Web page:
Dispatchers at Metro Net in Anaheim help 911 callers get through medical, fire emergencies
In the darkened room of the Metro Net Fire Dispatch call center, dispatchers are in various stages of conversation – attempting to determine a caller’s location, narrowing down details of a situation and any of a number of other forms of information gathering.
It’s a job that requires a calm set of nerves, empathy and a high degree of multitasking.
But it’s worth it.
“It is so rewarding,” said dispatcher Tammy Ramsey, who has been working at Metro Net in Anaheim for nearly 20 years and has been a dispatcher for a total of 29. “Because you are helping somebody at a really tough time.”
Dispatchers like Ramsey across the country are being honored for their hard work in a time of crisis as part of National Public Safety Telecommunicators Week – commonly referred to as Dispatchers Week, April 9-15.
At Metro Net, which is a joint powers authority (JPA) managed by the City of Anaheim and funded by the eight member cities it serves (Anaheim, Brea, Fullerton, Garden Grove, Orange, Huntington Beach, Newport Beach and Fountain Valley), the dispatchers were celebrating with the help of balloons, bundt cakes, “free dress” days and lunches on the boss. It’s a time for a group that doesn’t always get a lot of public attention to stand in the spotlight for the important service they perform as “first first responders.”
Separate from Orange County’s city police dispatchers, calls are routed to this team from the eight cities they serve for any fire or medical emergency, according to Dispatch Manager Gary Gionet. There are three other fire and medical dispatch centers in the county – Orange County Fire Authority, Laguna Beach Fire and Costa Mesa Fire – but Metro Net is unique in that it is a JPA that is strictly a dispatch center, working in conjunction with the member cities’ fire departments such as Anaheim Fire & Rescue. It serves 210 square miles and 1.3 million people.
Because of the wide area served, the center uses an efficient computerized system that automatically routes the nearest fire truck or medic to a particular call.
“It truly is the closest resources,” said Gionet.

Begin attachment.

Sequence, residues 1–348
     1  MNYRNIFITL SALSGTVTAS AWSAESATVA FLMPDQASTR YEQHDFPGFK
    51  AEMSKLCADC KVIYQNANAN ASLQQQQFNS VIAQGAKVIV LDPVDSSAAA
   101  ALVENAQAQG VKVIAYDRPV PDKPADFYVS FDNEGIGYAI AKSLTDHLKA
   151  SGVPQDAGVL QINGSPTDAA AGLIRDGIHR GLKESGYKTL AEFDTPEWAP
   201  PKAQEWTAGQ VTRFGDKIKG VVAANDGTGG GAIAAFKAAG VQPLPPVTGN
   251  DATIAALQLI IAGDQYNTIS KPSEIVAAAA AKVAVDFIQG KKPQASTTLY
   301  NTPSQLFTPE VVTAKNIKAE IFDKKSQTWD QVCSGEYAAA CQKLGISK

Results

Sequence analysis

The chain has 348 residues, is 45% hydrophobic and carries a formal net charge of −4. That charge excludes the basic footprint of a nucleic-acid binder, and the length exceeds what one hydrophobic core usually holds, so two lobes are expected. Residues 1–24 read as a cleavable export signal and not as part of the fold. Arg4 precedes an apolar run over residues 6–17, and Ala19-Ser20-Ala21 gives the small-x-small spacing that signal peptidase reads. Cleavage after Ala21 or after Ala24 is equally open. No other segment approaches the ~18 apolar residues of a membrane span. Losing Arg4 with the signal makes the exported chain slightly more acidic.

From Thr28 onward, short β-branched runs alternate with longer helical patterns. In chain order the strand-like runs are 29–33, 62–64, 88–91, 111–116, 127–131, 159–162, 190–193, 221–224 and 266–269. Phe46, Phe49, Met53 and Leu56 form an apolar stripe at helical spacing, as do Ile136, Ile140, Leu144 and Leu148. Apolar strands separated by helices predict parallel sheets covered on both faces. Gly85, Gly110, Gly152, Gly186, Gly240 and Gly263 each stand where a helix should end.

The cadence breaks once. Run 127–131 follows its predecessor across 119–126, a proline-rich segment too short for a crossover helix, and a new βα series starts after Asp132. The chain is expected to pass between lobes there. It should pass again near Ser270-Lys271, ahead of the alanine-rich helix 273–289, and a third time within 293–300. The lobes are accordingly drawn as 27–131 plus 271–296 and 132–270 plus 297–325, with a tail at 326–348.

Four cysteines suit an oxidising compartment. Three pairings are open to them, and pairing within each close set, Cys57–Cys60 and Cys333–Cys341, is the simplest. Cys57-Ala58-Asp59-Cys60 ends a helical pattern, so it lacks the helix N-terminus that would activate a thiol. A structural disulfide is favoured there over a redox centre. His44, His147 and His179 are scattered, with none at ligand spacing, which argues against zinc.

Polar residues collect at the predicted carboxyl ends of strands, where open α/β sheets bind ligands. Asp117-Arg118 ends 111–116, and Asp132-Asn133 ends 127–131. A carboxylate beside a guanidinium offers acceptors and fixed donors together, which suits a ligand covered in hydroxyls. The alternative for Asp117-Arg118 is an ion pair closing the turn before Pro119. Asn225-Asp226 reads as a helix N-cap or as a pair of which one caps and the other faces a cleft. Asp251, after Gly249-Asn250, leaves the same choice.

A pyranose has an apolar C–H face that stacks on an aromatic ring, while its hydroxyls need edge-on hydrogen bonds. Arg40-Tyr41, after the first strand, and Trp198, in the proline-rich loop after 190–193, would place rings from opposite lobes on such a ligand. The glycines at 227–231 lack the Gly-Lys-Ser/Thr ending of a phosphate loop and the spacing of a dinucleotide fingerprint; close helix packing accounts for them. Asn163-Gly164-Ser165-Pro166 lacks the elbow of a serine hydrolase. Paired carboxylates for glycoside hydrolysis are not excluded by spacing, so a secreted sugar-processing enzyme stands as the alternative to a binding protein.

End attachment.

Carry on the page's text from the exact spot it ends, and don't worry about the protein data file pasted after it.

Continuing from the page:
Fire and medical dispatchers work a little differently than police dispatchers because they require training in medical protocol. They are trained to walk callers via phone through cardiac arrests, delivering babies, assisting in choking emergencies and controlling bleeding injuries if necessary before help arrives. In cases of fire, they will also walk callers through protocols to determine the danger level of a situation – for instance, by checking if a door is hot and how to exit their home or business safely.
“They go through a whole protocol with the caller regardless if it’s medical or fire or rescue,” said Gionet.
The 28 full- and part-time dispatchers, their five supervisors and five support staff at Metro Net last year dispatched 122,000 emergency calls and had 350,000 emergency telephone calls. They handled an average of 335 dispatch calls at the center a day and 83 percent of dispatched calls were medical.
The center also has a special team known as the Incident Dispatch Team, which can go remotely to situations like wildland fires and other emergencies that require dispatchers at a particular location.
Anecdotally, there’s a long list of situations the typical fire and medic dispatcher may handle. Gionet recalled the call one dispatcher received of a woman who had delivered twins at home and one had fallen into the toilet and was not breathing. The dispatcher helped the father administer CPR and the little boy survived and the parents later came in to meet the dispatcher in person (click here to read story).
Delivering babies is a frequent enough occurrence among the dispatchers that they receive a Stork Pin for delivering a baby, said Gionet. The group also hands out a Lifesaver Pin for dispatchers who assist someone through a life-threatening situation.
Calls can also be informational in nature. One thing sure to elicit callers is when the gas company off-gases wells, creating a cloud of smelly (though nontoxic) gas.
“Our lines just light up because people think it’s a gas leak,” Gionet said.
This is when agency cross-coordination and an open line of communication really is critical. The gas company typically notifies Metro Net of the upcoming venting so when dispatchers get calls, they’re able to properly inform residents.
Ramsey, who received the Lifesaving Award for helping a young man who collapsed in Brea because of congenital heart failure, said she likes “being that calm voice on the other end of the phone.” She helped talk the man’s two friends through life-saving measures until paramedics arrived.
Though Ramsey has always felt great empathy for her callers, a few years ago the job became even more personal when her own son suffered a serious head injury. She knows what it’s like to be at both ends of a call.
“I try really hard every day to say, ‘If my family called 911, would I want them to get me?’” she said.
She advises anyone considering a job in fire and paramedic dispatch to sit in at the center to see what it’s like.
“Educate yourself about the position,” she said. “Know yourself that you can handle it.”
Multitasking is key, and also being able to deal with the tough, emotional calls in a healthy way – as is being able to relate to people.
“I just try to be human,” she said.